Critically Discussion of the Issue of Stop and Search

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The issue of stop and search is considered to be an extremely controversial area. There is significant debate on the legitimacy and the accountability of police powers when conducting stop and search, which has led to concerns about the effectiveness of policing. Reiner (2000: 80) has stated that policing is ‘beyond legitimation’ as a result of consistent complaints concerning the abuse of police powers within stop and search. The cause for concern is not only raised by the public, or other agencies, but is now recognised by senior British police officers (Ainsworth, 2002: 28). The cause of concern has been raised through complaints that police target ethnic minorities through stop and search and public opinion, that stop and search is a …show more content…
The issue lies within the interpretation of what constituents reasonable grounds, as it is a subjective suspicion that can be interpreted differently by individual police officers and forces (Bowling and Phillips, 2007).
There are numerous concerns based on the quantity and content of stop and searches which are often influenced by institutionalised racism (Home Office, 1997). Studies suggested that the police maintain a belief that black people are prone to be involved in violent crimes (Reiner, 1989). Therefore leading to black individuals routinely falling victim to police stereotypes and overgeneralisations (Bowling and Phillips, 2007). Police interviews have suggested that police perceive certain ethnicities to be involved with certain crimes, one interview suggested that if police are alerted of a robbery, 90% of the time they will assume it is involving a black individual (Quinton et al, 2000). Despite that there is evidence suggesting that racial disadvantages will cause an increase in young blacks to be involved with crime, suggesting that these suspicions are justified (Waddington et al, 2007). Furthermore, there is little research suggesting that police enforce their prejudices when working on the streets, thus suggesting that racial views are a result of police canteen sub-culture (Waddington, 1999).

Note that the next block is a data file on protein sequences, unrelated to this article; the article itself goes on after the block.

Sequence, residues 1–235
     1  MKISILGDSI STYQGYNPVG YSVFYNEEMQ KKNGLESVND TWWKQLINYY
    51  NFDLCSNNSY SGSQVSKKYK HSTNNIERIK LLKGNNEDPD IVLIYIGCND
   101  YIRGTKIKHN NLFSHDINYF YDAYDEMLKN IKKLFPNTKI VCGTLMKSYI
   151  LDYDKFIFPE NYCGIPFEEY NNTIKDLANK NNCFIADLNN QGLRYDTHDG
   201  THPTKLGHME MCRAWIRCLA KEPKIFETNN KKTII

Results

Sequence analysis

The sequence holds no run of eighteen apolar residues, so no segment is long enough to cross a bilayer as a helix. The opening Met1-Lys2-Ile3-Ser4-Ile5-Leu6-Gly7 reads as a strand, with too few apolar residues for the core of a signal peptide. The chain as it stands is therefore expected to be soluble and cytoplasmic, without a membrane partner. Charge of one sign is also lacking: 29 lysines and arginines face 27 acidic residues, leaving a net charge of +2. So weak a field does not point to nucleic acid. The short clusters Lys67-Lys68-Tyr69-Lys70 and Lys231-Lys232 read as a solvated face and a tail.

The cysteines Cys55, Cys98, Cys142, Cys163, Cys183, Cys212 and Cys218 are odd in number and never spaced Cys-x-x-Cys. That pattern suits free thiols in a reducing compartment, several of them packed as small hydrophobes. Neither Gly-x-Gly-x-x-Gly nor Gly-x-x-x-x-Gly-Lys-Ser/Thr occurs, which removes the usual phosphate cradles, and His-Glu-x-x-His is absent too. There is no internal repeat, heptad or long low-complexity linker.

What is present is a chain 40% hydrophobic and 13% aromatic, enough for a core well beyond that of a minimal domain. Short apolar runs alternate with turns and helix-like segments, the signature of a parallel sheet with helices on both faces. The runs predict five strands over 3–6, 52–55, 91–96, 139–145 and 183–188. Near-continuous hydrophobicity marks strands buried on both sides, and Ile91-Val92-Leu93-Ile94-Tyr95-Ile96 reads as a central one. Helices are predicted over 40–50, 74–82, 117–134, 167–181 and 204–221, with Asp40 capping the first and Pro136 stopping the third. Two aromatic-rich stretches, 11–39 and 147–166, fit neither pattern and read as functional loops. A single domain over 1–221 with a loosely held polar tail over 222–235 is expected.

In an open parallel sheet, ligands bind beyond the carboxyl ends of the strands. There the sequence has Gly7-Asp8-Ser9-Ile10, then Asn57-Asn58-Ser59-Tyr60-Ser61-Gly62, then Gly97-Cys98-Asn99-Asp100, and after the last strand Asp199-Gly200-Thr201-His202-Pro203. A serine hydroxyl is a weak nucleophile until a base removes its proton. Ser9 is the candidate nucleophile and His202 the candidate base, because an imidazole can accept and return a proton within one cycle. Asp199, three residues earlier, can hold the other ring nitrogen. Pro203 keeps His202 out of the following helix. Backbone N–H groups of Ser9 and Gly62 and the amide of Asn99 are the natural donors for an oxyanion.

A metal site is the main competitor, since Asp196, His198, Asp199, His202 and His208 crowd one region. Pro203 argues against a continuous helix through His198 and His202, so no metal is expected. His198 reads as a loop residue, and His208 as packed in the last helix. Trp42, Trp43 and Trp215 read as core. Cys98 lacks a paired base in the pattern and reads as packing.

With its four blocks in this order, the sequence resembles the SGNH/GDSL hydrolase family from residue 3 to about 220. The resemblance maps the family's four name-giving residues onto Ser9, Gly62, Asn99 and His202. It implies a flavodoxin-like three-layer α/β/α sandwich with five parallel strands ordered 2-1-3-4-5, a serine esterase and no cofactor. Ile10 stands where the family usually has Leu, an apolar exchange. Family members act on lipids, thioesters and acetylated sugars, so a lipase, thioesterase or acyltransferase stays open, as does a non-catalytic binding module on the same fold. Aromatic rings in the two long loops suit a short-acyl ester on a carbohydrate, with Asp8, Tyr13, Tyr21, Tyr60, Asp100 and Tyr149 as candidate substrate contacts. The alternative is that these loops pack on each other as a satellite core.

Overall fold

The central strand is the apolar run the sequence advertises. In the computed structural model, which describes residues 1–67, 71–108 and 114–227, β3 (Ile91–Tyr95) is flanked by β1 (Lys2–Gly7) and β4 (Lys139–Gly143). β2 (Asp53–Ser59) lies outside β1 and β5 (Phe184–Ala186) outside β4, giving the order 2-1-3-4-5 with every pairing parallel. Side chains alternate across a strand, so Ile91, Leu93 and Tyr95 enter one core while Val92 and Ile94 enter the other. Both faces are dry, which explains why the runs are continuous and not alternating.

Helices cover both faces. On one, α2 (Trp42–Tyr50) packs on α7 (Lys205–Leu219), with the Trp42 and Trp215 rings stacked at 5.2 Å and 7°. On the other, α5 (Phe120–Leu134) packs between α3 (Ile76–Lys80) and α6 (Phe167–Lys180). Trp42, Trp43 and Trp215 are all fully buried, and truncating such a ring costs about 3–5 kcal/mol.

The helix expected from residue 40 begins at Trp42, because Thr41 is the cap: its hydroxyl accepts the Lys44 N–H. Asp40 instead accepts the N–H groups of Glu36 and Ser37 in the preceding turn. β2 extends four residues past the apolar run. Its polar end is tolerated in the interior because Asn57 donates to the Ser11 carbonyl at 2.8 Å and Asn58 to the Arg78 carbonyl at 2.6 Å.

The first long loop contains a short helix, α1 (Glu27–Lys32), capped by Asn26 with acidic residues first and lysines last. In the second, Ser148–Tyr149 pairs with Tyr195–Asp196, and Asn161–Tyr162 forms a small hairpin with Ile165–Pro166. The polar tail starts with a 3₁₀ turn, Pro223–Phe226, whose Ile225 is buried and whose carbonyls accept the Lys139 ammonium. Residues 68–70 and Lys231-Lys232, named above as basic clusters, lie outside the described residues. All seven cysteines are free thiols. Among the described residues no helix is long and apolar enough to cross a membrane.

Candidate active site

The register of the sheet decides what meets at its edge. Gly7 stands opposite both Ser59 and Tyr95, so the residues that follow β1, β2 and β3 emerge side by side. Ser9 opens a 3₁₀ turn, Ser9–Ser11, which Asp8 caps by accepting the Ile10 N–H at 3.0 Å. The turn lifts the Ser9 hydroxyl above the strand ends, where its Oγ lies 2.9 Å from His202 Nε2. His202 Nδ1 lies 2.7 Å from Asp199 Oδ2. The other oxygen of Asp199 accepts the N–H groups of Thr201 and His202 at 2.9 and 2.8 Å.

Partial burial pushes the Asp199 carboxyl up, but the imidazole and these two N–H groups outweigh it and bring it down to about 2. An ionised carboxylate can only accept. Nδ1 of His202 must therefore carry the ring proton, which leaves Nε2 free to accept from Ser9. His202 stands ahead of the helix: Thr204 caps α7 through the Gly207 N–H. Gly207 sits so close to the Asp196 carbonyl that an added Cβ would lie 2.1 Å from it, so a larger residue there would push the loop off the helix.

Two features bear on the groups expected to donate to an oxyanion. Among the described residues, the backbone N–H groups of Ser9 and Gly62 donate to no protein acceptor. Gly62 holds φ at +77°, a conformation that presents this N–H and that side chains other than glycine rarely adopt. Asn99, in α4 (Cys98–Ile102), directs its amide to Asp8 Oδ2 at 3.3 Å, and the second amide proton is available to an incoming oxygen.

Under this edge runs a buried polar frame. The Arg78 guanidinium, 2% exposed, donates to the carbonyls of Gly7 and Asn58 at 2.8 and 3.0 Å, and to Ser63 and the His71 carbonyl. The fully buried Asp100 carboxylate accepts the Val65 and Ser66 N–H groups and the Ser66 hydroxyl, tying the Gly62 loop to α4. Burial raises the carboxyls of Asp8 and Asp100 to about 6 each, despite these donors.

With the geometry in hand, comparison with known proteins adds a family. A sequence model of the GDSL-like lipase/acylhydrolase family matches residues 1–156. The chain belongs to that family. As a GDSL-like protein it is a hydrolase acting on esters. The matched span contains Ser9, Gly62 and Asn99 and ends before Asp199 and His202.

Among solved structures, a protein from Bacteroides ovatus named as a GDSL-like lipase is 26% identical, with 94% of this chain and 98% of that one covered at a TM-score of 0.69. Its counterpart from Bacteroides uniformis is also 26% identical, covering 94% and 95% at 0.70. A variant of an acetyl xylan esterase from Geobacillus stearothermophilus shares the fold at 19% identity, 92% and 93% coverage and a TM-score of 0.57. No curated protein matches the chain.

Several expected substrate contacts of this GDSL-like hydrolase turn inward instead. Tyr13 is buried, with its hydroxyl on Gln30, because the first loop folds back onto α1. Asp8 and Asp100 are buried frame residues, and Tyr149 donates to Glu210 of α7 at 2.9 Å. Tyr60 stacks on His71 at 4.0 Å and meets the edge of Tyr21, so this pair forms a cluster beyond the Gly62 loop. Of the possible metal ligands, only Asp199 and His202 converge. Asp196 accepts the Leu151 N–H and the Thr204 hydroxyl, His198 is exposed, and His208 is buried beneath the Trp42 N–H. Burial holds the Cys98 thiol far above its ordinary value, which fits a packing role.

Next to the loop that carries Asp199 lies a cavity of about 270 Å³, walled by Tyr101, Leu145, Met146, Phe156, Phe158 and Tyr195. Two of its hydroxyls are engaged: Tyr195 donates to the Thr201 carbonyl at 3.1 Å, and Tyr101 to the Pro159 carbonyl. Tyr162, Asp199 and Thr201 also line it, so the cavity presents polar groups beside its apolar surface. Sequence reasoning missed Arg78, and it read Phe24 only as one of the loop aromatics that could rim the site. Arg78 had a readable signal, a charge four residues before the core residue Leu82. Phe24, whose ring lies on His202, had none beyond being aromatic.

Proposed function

There is a substantial amount of support, suggesting an infringement of police powers within stop and search from
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